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Clinedinst v. Visco

A-5495-09T3 (N.J. Super. App. Div. 2011) (Unpublished)

LANDOWNER LIABILITY — A host has a duty to warn only when dangerous conditions exist on the property of which the host has knowledge and of which a guest is unaware.

A mother visited her daughter and son-in-law’s home, something she did with some regularity. The home had a paved patio with an in-ground pool and a separate grass area. The mother had been in the pool area several times that year, as was the case in previous years. One of those times, while moving her hat and glasses from a chair, “[s]he stepped backward onto an object she did not see, lost her balance and fell.” The fall injured her shoulder and she broke her hip. Although she “did not see the object she stepped on, she was fairly certain it was a dog toy” because the dog had been outside when she first stepped onto the patio and then left before she fell. It was not uncommon for toys and other pool items to be scattered in the backyard. Nor, was it is uncommon for dog toys to be lying around. The mother sometimes picked up the children’s toys but generally “left the dog toys for the dog to play with.”

The daughter knew “there were things lying on the patio area but she did not pick them up.” Generally, she waited until the end of the day. On the day on question, she did not warn her mother “to be careful to avoid anything lying on the patio that might create a dangerous condition.”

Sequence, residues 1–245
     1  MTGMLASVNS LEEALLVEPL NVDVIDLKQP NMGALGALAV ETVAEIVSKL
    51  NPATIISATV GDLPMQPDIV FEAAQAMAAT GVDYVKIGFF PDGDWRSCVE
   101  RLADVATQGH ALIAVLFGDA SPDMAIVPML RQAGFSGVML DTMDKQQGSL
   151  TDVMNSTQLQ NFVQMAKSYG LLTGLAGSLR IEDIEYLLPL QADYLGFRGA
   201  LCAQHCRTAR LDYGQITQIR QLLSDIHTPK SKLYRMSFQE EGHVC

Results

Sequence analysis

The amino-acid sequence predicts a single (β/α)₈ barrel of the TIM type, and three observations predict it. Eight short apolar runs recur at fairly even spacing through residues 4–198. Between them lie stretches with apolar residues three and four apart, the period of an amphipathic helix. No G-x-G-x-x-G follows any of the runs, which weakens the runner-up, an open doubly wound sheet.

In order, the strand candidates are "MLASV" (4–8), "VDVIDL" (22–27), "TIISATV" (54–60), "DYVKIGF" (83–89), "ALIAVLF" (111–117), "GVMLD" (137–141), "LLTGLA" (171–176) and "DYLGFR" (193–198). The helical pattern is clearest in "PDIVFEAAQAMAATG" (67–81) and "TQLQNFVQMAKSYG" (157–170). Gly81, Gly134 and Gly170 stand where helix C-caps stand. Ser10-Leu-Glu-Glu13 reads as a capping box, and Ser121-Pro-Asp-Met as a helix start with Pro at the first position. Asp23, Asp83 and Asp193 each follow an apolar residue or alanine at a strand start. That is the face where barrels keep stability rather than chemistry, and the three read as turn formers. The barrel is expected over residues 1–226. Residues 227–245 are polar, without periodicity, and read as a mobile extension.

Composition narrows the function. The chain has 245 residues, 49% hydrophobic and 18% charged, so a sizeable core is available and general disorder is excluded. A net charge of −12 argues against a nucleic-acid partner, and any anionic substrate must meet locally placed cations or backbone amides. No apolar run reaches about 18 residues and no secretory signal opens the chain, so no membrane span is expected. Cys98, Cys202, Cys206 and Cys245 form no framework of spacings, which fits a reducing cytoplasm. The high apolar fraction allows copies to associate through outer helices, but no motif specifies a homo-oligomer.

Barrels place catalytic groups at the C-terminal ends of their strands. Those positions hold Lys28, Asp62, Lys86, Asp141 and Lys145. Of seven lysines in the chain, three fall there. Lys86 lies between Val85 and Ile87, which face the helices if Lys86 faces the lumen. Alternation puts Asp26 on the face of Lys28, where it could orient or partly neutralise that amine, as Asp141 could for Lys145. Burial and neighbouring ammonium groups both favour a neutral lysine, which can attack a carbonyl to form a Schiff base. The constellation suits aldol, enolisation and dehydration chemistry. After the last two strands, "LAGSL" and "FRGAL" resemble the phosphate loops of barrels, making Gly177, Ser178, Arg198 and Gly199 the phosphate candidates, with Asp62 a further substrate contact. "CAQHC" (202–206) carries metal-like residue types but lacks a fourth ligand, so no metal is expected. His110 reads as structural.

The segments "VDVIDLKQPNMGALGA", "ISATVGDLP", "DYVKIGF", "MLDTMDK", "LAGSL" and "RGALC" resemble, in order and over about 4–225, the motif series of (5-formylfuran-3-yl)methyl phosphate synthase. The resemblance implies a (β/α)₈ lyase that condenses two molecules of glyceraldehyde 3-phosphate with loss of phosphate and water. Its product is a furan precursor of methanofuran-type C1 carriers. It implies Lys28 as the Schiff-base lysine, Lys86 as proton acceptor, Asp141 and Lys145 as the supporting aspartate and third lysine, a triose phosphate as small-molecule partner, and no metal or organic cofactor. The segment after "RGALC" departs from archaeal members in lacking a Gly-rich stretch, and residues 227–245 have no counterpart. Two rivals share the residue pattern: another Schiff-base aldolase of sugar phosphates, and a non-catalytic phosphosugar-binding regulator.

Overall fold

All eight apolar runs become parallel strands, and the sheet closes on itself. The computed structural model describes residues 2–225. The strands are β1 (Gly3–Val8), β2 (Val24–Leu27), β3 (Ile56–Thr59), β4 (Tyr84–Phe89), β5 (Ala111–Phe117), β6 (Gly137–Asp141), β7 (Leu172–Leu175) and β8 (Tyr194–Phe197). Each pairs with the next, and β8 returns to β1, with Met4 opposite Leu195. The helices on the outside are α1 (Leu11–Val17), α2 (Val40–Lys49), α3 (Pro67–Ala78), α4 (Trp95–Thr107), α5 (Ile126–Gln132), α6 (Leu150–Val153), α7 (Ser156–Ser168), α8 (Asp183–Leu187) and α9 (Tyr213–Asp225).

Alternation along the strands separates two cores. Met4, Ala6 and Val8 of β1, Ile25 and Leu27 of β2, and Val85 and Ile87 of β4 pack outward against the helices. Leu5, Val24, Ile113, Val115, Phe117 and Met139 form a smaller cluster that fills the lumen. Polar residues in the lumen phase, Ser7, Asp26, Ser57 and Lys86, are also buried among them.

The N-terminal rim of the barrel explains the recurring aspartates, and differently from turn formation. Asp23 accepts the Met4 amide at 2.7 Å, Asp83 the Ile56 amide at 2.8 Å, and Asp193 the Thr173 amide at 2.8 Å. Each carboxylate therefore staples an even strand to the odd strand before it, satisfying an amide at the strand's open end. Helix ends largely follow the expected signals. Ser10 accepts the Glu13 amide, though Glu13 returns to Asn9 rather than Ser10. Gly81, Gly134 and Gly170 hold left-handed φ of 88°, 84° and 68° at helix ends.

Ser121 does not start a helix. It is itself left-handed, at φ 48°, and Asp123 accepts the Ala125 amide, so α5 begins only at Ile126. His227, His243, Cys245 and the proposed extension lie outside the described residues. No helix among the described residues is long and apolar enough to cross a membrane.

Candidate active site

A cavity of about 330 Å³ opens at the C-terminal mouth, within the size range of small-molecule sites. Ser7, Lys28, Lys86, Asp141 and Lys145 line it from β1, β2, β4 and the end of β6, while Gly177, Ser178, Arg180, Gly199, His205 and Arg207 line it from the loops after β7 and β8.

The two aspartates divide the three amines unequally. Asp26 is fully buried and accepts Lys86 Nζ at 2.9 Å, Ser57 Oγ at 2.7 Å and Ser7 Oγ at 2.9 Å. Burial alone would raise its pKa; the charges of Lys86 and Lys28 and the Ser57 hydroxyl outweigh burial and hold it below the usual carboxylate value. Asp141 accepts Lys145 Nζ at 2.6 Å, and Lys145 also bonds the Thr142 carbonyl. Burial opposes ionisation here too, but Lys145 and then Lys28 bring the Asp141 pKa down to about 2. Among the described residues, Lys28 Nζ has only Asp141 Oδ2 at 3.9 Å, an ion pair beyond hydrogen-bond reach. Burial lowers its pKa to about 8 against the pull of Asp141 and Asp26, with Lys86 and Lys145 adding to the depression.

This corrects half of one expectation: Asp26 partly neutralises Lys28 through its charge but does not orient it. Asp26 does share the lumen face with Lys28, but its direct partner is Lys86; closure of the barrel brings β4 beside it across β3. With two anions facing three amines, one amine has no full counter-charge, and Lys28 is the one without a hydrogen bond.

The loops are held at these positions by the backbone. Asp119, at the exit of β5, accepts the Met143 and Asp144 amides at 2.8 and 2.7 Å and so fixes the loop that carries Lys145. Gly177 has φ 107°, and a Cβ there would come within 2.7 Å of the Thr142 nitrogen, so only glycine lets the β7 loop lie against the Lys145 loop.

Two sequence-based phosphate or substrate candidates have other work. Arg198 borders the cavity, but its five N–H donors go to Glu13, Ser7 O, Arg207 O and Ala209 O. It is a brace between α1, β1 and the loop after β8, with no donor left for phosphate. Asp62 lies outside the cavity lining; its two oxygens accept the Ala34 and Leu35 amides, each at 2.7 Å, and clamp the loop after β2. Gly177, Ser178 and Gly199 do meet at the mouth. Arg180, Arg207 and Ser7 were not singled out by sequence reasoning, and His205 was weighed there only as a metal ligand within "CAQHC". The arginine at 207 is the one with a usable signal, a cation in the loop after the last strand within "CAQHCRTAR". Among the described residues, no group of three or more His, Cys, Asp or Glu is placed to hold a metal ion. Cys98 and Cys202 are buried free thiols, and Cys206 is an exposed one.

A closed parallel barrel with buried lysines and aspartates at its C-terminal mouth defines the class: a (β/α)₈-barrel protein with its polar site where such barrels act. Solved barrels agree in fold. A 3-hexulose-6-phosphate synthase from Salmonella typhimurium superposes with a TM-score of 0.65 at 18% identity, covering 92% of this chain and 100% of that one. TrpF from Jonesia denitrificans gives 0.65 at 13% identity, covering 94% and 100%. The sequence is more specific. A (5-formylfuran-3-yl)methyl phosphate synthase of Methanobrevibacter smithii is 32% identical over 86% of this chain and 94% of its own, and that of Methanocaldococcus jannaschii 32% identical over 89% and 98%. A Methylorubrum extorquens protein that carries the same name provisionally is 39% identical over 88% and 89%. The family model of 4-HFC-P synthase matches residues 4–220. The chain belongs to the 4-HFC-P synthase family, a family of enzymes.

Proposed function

The mother sued her daughter and son-in-law, but the lower court rejected her suit, holding that the homeowners, even though they failed “to warn [the mother] of a danger for which she knew or should have known, had not breached the limited duty owed to [the mother] as a social guest.” The mother appealed, but unsuccessfully. The Appellate Division agreed with the lower court, explaining “[t]o prove a cause of action for negligence, three elements are essential: ‘(1) a duty of care owned by defendant to plaintiff; (2) a breach of that duty by defendant; and (3) an injury to plaintiff proximately caused by defendant’s breach.’” Further, the law in New Jersey is that “[t]he duty which hosts owe to their social guests with respect to the conditions of their property is limited. A host has a duty to warn only when dangerous conditions exist on the property of which the host has actual knowledge and of which the guest is unaware. Hosts are not required to improve or alter their home in order to render it safer for a guest than for themselves. Where is a guest is aware of a dangerous condition or by a reasonable use of his [faculties] would observe it, the host is not liable.” Here, it was undisputed that the mother was a social guest, and “[a] landowner is not required to provide greater safety for his guests than for himself and need not ‘scour the premises to discover latent defects.’” Here, the danger was “obvious or self-evident.” Therefore, there was no need to warn. Consequently, given the facts presented to the lower court, the Appellate Division held that the daughter and son-in-law had not breached the duty to the mother as a social guest.


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